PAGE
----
By Joanna Sotiropoulos
That was my response to a terrorist attack.
For some reason my humanity has crapped itself, exiting the building. I hate myself for that knee jerk response. I hate myself for opting out of caring because it’s too hard. But the world is just too ugly. I’ve stopped watching SBS World News, because I would cry every night as I watched the live performance of our “big bad world”.
Pulling the empathetic trigger became exhausting, so I gave up. I decided caring is a fruitless enterprise.
Of course, I care, but so what? Caring can’t resurrect people. I hate that I’m so beaten down, while 22 people lay dead. A great friend of mine, God bless her horrible taste in music, bought Ariana Grande tickets for the Sydney show. If she lived across the globe she could have been part of this body count. And that’s the scary thing: we are vulnerable.
Terrorism is a real issue; we can’t police it, specialised taskforces won’t make it stop. Our government cannot eradicate it. As the Lindt siege proves, it can happen right here in our Sydney streets.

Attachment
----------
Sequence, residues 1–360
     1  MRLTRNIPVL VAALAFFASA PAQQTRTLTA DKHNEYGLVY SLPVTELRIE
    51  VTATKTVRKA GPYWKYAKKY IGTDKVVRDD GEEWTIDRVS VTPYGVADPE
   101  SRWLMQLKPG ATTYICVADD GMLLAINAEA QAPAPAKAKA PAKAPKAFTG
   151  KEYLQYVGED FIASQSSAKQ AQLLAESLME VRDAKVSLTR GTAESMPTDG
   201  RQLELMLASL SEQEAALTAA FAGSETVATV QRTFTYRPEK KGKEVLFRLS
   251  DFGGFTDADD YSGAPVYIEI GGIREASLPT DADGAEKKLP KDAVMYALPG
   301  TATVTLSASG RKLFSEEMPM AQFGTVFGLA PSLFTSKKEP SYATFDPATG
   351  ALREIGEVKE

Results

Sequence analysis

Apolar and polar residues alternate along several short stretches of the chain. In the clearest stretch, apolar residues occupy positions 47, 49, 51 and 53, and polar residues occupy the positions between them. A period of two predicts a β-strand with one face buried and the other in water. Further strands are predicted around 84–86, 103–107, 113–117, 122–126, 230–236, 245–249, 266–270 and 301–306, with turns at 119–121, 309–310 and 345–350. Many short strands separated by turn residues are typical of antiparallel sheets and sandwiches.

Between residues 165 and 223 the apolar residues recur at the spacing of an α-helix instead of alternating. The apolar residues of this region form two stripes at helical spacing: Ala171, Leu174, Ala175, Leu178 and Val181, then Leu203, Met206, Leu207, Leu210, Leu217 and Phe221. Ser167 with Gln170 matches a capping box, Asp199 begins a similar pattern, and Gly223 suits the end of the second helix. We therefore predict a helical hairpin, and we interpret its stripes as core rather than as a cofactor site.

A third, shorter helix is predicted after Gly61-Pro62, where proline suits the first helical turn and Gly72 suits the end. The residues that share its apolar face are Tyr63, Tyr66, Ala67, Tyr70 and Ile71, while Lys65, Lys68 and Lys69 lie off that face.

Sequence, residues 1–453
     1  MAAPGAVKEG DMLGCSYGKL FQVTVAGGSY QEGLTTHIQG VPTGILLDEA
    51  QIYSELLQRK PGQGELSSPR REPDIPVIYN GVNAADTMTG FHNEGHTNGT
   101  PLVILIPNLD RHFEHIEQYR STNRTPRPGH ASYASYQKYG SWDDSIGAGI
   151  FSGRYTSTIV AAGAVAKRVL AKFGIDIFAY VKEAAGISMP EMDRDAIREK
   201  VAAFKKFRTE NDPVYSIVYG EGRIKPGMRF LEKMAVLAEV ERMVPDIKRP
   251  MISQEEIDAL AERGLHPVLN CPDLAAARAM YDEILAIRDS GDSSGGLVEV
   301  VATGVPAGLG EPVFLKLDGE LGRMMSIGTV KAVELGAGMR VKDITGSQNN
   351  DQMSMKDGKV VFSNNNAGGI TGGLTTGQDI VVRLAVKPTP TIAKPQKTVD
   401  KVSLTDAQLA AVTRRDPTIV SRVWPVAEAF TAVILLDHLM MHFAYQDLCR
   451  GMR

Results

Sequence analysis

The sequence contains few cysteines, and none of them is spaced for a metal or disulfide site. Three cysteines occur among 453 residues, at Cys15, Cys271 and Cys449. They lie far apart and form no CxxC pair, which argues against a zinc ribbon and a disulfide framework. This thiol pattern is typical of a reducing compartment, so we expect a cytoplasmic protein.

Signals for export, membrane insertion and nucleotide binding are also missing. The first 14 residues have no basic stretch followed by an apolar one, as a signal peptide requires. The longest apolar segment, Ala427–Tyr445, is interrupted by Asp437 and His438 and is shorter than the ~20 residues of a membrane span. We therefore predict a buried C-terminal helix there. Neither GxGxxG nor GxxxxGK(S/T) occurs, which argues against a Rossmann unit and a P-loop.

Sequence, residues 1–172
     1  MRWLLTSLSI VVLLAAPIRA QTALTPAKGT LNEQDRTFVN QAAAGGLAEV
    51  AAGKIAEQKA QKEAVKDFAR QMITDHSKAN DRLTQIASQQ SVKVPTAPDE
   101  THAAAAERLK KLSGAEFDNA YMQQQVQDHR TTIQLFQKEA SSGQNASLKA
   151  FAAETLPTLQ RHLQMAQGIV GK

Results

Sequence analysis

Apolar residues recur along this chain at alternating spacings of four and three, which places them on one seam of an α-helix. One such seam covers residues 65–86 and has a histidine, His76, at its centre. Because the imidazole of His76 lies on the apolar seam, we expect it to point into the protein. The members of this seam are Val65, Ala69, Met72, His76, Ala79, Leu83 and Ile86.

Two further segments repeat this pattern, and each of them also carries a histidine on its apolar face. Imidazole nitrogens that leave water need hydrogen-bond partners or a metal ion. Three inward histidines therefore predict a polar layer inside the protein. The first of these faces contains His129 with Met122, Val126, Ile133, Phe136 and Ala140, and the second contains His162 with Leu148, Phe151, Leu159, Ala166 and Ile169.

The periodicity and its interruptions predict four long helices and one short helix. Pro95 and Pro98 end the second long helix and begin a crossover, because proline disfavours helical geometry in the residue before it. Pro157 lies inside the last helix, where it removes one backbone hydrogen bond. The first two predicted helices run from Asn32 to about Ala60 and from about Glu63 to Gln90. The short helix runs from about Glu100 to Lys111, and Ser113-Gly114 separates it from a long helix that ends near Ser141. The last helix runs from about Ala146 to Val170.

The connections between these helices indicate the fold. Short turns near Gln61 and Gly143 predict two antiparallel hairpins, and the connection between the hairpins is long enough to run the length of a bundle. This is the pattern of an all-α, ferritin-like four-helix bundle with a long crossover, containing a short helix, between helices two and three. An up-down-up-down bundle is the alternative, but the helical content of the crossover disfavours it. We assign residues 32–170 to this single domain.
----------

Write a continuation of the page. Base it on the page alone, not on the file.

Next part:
But we must remind ourselves of terrorism’s root cause: hate. Yet by victimising ourselves, we forget that hate can only succeed if it is reciprocated. The West panics after such events: bashing all Muslims for one fanatical extremist’s actions.
It is this that fuels the divide. We create the separation. We fight violent actions with aggressive remarks. We tell Muslims, “You’re not welcome”. We push people to radicalise through our exclusion. We perpetuate a cycle. We fertilise hatred but act surprised when the weed grows.
Let Manchester serve as a reminder that we are not far from conflict. Hate has no geographical barriers in a borderless world. So instead of allowing war to come to our doorstep, we must denounce hate.
If we don’t, we’ll only facilitate another headline.